Whee! We’re in the December 2016 issue of Horse Illustrated, y’all. To read the article FREE on Horse Illustrated’s site, click here and it’ll open in a new tab for ya. (Fun game to play: Spot 3 iffy things about the saddle fit in the stock photo at that link. I’ll reveal the answers at the bottom of this post, here at The Saddle Geek.)
Here it is on the rack at my local Barnes and Noble:
To new readers who found us through Horse Illustrated‘s December 2016 issue:
Welcome to The Saddle Geek! You can browse some of my latest blog posts using the sidebar at left. Or if you prefer, here’s three of the most popular posts to date:
- How to Tell If Your Local Saddle Fitter is Good…Even if You’re New to Saddle Fitting
- 6 Ways to Get Better English Saddle Fitting Advice
- Broke Girl’s Guide to French and Italian Saddles, $0-$1000
I also have a Digital Saddle Fitting Advice service, for folks who want more personalized, in-depth advice about their unique saddle fitting situation.
For longtime readers: You’re the best! Thank you for being part of this amazing journey.
There’s a saying in the entrepreneurial world: “Don’t start a business unless your customers ask you to do it.” And that’s exactly how The Saddle Geek was born–because wonderful equestrians started asking me for advice. I never dreamed it would get this big–that I would see my name in a magazine that I read religiously as a 10-year-old, horse crazy little girl.
I can’t wait to keep expanding and sharing with you in the new year. I’ve got big plans for expansion in 2017. Videos? Ebooks? Webinars? We’ll see what the New Year holds.
But know that when I’m up late at night or early in the morning, squeezing in a blog post or Digital Saddle Fitting Consultation between my day job and my graduate dissertation and being the mother of a toddler…it’s you guys, my readers, who keep me going.
I see how many of you actually read my emails from the mailing list, and actually click through and read the blog posts. Your support is amazing, and I notice it, and it means the world to me. Thanks.
PS, Horse Illustrated got a big makeover this year, and it’s much cooler than it was before.
Lemme keep it real for a sec: Horse Illustrated was stuck in a rut for awhile there. But this year, the magazine got a highly visual, Instagram-tastic refresh that makes it a lot more readable…and dare I say awesome? For the first time in years, I would gladly be caught in public, purchasing an issue of Horse Illustrated. I’m super proud to be in their 40th Anniversary Collector’s Edition for December 2016.
So if you haven’t checked it out in awhile, give it a browse the next time you’re at Barnes and Noble or another place that sells Horse Illustrated. Or if you like, just nab a subscription already. It’s crazy cheap at $7.99 for the Digital Edition and $12.99 for the print edition.
Answer Key: 3 Iffy Things About the Saddle Fit in that Stock Photo at Horse Network
So, did you spot the issues in that stock photo? I’m guessing the editors chose hta tphoto because of the subtle fit problems.
Here’s the issues I saw:
- A-shaped tree on a wide horse that may need a U-shaped tree. This looks like a wide little horse. Based on the color and mane, it might be a Haflinger. Based on how the pommel is perching like a party hat on the horse’s shoulders, this saddle isn’t just too narrow–it may also have the wrong tree shape for this horse’s body. Some wide-shaped horses benefit from a U-shaped “hoop” tree, where the tree point angles come down in an upside-down U shape instead of an A shape. Hard to tell without seeing better photos of the horse’s bare back. That’s one reason that I ask for a “rear shot” of each horse for my Digital Saddle Fitting Advice service: it helps me assess what tree shape might be ideal for each horse. To see a full list of photos that I use for that service and preview the Intake Form, check out this page.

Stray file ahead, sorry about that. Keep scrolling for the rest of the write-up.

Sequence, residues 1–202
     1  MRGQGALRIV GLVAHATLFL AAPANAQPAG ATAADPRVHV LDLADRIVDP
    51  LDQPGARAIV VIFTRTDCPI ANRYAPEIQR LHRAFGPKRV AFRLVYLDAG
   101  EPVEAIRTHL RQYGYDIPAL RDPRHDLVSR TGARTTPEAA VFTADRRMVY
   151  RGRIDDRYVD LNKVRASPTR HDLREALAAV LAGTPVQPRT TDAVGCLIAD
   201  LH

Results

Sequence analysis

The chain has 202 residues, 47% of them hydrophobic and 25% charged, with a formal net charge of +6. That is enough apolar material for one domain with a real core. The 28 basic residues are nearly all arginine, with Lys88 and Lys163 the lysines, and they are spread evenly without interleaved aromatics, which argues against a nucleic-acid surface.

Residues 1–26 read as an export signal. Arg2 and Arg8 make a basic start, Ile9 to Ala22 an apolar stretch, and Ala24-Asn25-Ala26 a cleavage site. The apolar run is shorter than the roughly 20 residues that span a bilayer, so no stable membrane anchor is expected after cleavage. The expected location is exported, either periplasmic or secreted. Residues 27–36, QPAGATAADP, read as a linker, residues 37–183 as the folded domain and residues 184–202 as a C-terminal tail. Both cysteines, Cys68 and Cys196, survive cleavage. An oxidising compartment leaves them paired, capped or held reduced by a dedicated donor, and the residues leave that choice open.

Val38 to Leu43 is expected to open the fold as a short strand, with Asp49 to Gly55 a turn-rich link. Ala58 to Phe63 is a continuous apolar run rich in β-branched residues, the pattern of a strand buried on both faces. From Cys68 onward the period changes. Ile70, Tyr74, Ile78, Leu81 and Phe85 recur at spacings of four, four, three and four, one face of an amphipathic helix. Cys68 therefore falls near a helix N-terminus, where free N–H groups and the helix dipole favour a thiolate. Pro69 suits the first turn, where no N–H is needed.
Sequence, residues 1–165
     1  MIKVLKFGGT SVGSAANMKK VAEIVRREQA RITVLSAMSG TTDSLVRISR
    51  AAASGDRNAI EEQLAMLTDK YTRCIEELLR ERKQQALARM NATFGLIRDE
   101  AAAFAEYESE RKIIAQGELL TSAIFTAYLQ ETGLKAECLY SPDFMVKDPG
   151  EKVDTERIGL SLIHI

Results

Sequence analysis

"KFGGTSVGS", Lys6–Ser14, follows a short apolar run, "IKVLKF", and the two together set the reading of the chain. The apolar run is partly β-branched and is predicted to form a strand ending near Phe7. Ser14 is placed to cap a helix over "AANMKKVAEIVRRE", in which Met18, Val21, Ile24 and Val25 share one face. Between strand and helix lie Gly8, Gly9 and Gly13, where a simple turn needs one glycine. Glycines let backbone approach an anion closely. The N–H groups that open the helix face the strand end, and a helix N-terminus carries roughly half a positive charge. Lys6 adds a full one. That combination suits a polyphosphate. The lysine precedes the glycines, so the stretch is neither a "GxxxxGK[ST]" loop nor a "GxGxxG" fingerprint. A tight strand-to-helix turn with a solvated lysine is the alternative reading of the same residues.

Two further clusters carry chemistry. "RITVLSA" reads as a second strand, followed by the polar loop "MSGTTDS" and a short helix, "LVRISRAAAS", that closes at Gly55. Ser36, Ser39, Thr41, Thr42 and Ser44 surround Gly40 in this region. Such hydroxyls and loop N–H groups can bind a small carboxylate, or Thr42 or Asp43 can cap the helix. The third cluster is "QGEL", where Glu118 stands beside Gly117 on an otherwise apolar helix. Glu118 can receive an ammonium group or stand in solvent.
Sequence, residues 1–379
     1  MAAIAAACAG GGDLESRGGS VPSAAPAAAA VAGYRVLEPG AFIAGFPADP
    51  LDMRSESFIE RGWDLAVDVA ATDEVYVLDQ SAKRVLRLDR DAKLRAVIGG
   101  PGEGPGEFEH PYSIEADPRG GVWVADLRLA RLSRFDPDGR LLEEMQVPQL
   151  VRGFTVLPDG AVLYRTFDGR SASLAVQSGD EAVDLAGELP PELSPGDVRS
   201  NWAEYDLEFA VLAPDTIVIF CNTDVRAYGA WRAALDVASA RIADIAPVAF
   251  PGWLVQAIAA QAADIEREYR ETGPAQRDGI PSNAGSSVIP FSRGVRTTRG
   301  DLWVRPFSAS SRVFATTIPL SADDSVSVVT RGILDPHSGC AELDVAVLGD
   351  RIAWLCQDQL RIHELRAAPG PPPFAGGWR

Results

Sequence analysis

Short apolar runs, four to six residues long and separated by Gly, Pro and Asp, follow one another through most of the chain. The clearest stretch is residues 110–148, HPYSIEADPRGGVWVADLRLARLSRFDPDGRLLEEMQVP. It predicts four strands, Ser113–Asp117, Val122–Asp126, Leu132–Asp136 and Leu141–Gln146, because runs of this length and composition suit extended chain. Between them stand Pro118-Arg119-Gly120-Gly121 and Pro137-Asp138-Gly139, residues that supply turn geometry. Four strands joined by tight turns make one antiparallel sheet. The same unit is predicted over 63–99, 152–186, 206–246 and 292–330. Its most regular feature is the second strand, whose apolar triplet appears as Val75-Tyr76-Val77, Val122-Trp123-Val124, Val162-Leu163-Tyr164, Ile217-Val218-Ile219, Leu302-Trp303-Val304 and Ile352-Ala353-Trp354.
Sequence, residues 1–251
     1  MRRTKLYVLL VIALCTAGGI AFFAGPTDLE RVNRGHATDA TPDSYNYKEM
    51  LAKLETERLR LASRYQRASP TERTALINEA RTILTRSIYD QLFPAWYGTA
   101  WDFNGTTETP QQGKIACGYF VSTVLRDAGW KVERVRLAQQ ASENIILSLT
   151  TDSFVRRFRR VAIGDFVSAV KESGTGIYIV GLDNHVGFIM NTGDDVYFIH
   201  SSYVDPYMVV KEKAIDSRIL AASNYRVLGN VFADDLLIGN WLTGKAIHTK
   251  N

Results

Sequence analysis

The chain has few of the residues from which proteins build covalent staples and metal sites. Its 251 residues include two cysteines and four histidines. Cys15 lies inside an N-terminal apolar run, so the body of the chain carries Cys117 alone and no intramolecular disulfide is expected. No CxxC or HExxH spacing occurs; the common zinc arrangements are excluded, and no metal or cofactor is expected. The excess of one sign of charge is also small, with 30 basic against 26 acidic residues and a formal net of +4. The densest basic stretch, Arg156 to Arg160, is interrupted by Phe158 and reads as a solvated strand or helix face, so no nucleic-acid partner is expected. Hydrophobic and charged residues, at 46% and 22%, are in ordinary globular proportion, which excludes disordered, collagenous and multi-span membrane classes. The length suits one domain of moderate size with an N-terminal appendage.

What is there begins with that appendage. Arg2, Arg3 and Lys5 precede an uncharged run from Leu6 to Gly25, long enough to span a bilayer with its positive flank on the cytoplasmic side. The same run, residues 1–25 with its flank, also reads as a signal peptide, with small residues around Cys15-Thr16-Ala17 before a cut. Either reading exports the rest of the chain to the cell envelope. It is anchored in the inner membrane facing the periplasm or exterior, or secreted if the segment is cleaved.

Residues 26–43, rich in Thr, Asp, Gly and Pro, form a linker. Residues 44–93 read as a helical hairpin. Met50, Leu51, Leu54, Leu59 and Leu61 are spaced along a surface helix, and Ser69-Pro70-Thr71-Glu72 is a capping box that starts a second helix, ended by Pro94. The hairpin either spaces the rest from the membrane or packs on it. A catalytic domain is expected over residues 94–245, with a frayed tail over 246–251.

- What’s with the wither gussets and the felt pommel pad? There’s something funky going on here. The wither gussets and felt pommel pad suggest that someone thinks this horse needs more wither clearance. But based on how this A-shaped pommel is perching like a party hat, I’m worried that this rider is worrying about wither clearance without considering what “propping up” the pommel will do elsewhere on the saddle. Which brings us to…
- The tree and panels may be too straight for this horse’s topline, creating a pressure point at the back of the saddle. In the picture, this saddle’s cantle looks lower than the pommel. The saddle’s rear gussets, at the very back of the saddle, are poking into the horse’s flank. And while I can’t quite see under the saddle, my strong guess is that this saddle is bridging in the middle. In other words, by lifting up the pommel on this saddle, the rider created empty airspace in the middle of the saddle area + a big pressure point in the back. The better solution, overall, is probably a wider saddle with a U-shaped hoop tree, a more curvy profile to the overall topline, and–if wither clearance is still a concern after all of that, use some other design solutions to make sure that’s taken care of.
Anyway, there’s a little taste of the kind of analysis I do in my Digital Saddle Fitting Advice videos. And it’s even more fun when I’ve got my screen annotation tools! I love walking clients step-by-step through their saddle cases, with the help of my screencast software. If you’re ready to press fast forward on your saddle search, check out more info here–and you can even see a short preview of a consult in the video at this link!